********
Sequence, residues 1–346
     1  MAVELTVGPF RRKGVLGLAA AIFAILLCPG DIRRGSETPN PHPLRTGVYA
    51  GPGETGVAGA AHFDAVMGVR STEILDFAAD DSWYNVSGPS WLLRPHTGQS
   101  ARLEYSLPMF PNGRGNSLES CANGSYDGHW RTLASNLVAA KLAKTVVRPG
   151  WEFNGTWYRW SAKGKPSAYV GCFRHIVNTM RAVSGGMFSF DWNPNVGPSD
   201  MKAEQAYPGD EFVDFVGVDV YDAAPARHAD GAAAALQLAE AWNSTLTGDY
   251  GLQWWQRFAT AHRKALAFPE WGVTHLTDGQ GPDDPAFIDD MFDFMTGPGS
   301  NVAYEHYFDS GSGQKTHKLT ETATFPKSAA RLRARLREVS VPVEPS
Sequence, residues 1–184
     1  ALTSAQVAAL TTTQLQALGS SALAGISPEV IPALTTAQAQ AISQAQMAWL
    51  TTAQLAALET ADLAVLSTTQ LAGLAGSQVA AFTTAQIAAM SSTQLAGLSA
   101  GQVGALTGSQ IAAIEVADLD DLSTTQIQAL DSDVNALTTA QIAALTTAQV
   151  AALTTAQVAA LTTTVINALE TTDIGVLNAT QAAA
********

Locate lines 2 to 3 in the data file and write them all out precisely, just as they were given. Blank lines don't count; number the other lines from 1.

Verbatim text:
     1  MAVELTVGPF RRKGVLGLAA AIFAILLCPG DIRRGSETPN PHPLRTGVYA
    51  GPGETGVAGA AHFDAVMGVR STEILDFAAD DSWYNVSGPS WLLRPHTGQS